Scientific studies have found that napping can restore wakefulness, promote learning, boost memory, reverse the hormonal impact of a night of poor sleep, and reduce stress (1).
To set yourself up for a successful nap, you need to follow a few guidelines related to timing, environment, and diet.
Timing is everything.
Save your nap for when you can get away for a short period of time. Make sure to get to a good stopping point in your work so you aren’t dwelling on a particular task while trying to sleep. Mid-afternoon naps seem to be ideal for most people, according to researchers who study napping (1).
Don’t overdo it!
Aim for 15 to 20 minutes. You don’t want to make the nap too long where you start going through the different phases of sleep. A nap of less than 30 minutes in duration during the day promotes wakefulness and enhances performance and learning ability (5). A frequent habit of taking long naps may be associated with poor long-term health and chronic disease (6).
Find a safe place.
Find a quiet, peaceful place where you can relax. Just like when you sleep at night, make sure the environment is free of distractions like phones, laptops, and TVs. Try to sleep in a dark room and make sure the temperature is cool.
Drink coffee before your nap.
Having some caffeine right before your nap actually prevents you from overdoing your napping period by increasing alertness and cognitive function, limiting sleepiness after you’ve woken up.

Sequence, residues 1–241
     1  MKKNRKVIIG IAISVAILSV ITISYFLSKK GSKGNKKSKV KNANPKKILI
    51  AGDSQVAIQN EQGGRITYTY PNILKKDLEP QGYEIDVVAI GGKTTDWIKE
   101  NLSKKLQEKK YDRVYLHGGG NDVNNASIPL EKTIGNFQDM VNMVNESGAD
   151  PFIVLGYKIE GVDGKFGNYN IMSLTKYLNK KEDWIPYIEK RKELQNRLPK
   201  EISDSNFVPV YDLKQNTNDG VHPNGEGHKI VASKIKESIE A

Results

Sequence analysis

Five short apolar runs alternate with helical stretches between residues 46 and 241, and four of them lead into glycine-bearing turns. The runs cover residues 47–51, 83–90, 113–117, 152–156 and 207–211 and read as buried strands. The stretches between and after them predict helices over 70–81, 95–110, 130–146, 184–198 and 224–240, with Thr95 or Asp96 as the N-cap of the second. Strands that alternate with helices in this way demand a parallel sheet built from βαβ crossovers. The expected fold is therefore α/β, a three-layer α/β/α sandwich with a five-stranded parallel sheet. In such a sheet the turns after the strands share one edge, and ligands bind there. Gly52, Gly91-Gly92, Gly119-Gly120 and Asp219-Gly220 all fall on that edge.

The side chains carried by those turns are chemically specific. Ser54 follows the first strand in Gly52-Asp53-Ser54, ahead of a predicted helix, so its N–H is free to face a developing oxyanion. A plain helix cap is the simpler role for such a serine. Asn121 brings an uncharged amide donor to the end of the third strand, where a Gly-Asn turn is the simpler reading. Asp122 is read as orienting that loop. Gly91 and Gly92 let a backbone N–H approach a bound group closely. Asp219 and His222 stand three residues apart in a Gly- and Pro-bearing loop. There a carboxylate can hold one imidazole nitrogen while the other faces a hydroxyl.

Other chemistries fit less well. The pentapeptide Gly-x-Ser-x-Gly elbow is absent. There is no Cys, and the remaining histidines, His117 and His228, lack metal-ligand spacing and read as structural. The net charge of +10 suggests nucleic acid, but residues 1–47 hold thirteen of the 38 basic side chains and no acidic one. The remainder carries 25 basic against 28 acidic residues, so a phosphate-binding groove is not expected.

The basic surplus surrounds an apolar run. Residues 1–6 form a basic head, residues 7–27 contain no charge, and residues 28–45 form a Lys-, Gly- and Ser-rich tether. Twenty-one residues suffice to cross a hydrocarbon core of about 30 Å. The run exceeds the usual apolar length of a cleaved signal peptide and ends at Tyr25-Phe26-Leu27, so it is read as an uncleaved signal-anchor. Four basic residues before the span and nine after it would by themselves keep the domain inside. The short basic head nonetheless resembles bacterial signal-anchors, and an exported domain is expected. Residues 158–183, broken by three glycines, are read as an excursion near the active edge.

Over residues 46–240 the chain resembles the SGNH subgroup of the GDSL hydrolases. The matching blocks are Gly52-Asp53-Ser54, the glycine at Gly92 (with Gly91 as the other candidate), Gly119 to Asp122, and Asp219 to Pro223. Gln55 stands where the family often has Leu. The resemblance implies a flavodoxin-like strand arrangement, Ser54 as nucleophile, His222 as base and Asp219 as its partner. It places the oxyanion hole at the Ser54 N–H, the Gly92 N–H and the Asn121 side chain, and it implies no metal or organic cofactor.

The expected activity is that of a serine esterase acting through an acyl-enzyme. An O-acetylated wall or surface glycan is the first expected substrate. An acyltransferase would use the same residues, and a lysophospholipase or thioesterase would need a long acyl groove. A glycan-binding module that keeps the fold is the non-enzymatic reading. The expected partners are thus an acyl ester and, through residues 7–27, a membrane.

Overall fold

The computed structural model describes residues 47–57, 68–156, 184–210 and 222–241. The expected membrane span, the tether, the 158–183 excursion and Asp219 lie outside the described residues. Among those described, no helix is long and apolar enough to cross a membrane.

Rinse your face with cold water.
Nobody likes to be groggy after a good nap, especially if you have work to do. Washing your face with cold water is a great and refreshing way to wake up.
Napping can help fill the gap when longer sleep isn’t possible. Filling the gap is important especially as studies have consistently shown that missing just one hour of sleep can alter insulin sensitivity and other important hormones involved in metabolism, potentially contributing to weight gain (2-4).
- Waterhouse J, Atkinson G, Edwards B & Reilly T. The role of a short post-lunch nap in improving cognitive, motor, and sprint performance in participants with partial sleep deprivation. J Sports Sci. 2007 Dec; 25(14):1557-66
- Hursel R, Rutters F, Gonnissen HK, Martens EA, Westerterp-Plantenga MS. Effects of sleep fragmentation in healthy men on energy expenditure, substrate oxidation, physical activity, and exhaustion measured over 48 h in a respiratory chamber. The American journal of clinical nutrition 2011;94:804-8.
- Van Cauter E, Plat L, Leproult R, Copinschi G. Alterations of circadian rhythmicity and sleep in aging: endocrine consequences. Hormone research 1997;49:147-52.
- Van Helder T, Radomski MW. Sleep deprivation and the effect on exercise performance. Sports Medicine 1989;7:235-47.
- Halson SL. Sleep in elite athletes and nutritional interventions to enhance sleep. Sports Med. 2014 May; 44 Suppl 1:S13-23.
- Dhand R & Sohal H. Good sleep, bad sleep! The role of daytime naps in healthy adults. Curr Opin Pulm Med. 2006 Nov;12(6):379-82